These types of service providers need to remain in operation during crises because they are most relied upon during troubled times. This also means they have to adapt to critical changes in the world faster in order to operate efficiently.
Nonessential Business: Entities whose services do not play a necessary role for society to function. Examples are museums, theaters, gyms, salons, spas, shopping malls, and other recreation centers. These are the types of businesses which suffer the most losses during a public health, political, social, or economic crisis.
Partitions: Protective partition screens to prevent COVID-19 transmission by limiting physical
contact between retail employees and customers. More sellers are encouraging shoppers to use touchless payment options whenever possible. This minimizes cash, card, and device handling which could potentially transmit viruses.
Pre-screening: COVID-19 pre-screening is typically a series of questions regarding symptoms
followed by a temperature check, performed prior to entering a building. A pre-screening process might be implemented by employers to proactively isolate and identify employees with COVID-19 symptoms. If an employee appears to have symptoms associated with COVID-19, they should be immediately separated from others and sent home. Some employers might require that symptomatic employees test negative for COVID-19 before returning to work. This protects both the infected party and anyone they may come into contact with while at work.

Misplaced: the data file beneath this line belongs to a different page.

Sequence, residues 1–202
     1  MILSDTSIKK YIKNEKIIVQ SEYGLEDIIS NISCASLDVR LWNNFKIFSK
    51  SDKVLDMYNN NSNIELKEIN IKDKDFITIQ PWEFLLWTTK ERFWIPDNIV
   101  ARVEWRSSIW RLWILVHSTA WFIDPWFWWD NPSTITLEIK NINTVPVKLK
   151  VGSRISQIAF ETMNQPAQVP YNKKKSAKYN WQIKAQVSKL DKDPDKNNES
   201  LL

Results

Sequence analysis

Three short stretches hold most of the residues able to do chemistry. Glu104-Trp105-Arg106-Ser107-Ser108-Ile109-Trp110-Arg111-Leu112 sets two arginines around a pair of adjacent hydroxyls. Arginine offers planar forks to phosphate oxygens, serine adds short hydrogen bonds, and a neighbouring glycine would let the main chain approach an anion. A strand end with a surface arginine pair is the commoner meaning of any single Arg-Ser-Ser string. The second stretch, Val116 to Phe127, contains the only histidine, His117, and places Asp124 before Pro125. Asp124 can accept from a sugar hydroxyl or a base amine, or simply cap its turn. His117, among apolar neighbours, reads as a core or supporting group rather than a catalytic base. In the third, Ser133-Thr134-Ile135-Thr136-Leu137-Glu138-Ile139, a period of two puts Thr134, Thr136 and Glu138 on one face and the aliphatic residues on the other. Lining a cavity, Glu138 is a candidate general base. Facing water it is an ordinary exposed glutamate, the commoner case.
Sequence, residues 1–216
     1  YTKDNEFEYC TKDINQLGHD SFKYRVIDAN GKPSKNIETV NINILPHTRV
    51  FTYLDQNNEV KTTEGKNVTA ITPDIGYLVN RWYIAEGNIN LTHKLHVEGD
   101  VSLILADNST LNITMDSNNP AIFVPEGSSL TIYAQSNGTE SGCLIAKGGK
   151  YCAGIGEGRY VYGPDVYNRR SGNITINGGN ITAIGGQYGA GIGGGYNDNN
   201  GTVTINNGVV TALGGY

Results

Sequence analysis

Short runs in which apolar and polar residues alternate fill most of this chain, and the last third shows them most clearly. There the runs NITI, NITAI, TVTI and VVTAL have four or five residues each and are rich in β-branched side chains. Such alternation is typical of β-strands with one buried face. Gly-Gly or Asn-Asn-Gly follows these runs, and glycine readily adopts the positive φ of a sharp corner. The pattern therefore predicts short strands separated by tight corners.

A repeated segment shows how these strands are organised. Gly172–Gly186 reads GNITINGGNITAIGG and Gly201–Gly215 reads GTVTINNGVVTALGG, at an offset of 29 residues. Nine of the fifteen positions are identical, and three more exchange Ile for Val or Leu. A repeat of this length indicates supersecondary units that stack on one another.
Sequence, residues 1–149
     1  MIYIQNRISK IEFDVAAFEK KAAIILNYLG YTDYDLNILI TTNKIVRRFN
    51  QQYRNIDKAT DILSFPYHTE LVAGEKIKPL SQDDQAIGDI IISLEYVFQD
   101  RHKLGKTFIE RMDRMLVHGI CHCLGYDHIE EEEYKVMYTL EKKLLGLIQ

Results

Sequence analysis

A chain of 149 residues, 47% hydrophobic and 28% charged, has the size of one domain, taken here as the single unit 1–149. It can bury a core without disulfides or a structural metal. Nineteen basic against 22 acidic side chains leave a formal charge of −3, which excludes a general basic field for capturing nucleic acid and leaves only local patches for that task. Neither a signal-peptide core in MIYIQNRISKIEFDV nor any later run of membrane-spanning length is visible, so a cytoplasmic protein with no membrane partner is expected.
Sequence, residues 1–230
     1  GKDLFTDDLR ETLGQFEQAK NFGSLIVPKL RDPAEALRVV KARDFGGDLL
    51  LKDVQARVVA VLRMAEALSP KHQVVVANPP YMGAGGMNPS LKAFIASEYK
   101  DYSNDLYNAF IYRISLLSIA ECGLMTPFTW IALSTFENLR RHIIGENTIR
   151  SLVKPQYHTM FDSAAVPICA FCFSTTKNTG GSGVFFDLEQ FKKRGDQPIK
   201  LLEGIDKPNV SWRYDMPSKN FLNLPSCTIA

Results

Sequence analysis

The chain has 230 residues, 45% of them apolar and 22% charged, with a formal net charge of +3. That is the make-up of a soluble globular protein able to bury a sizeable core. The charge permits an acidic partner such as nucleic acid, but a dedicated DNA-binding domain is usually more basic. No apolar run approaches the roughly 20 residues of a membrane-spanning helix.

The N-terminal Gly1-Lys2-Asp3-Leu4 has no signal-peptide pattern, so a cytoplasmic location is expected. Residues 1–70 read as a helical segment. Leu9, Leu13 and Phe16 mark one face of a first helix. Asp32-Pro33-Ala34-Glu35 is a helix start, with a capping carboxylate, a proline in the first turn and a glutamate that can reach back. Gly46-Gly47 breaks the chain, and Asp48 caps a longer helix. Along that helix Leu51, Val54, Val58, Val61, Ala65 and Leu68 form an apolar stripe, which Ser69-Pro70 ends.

PPE: Personal protective equipment, worn to limit exposure to health hazards. Common PPE
suggestions for a retail store setting include face masks, face shields, aprons, and disposable gloves. The CDC recommends wearing cloth face coverings in public settings where communities gather for collective protection.
Social distancing: COVID-19 is mainly spread from person-to-person, between people who are
within roughly 6 feet of each other, through respiratory droplets from speaking, sneezing, or coughing.
To encourage healthy social distancing practices, facilities might add lined spaces to the floor or on signs to show visitors how far apart they should stand from each other. Some places might limit the amount of people who can enter a building at the same time, or limit how many employees are operating at once to promote safe distancing. Other helpful practices include making routine verbal announcements over a loudspeaker and removing public seating to remind employees and customers to stay at least 6 feet apart.
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Disclaimer: This website does not provide medical or health advice. The information contained on this website and on any of the sites or locations linked below is for informational purposes only. It is not intended to be a substitute for professional medical or health advice. UpKeep does not recommend or endorse any specific protocol, opinions, or other information that may be accessed on or via this website. Reliance on any of this information is solely at your own risk.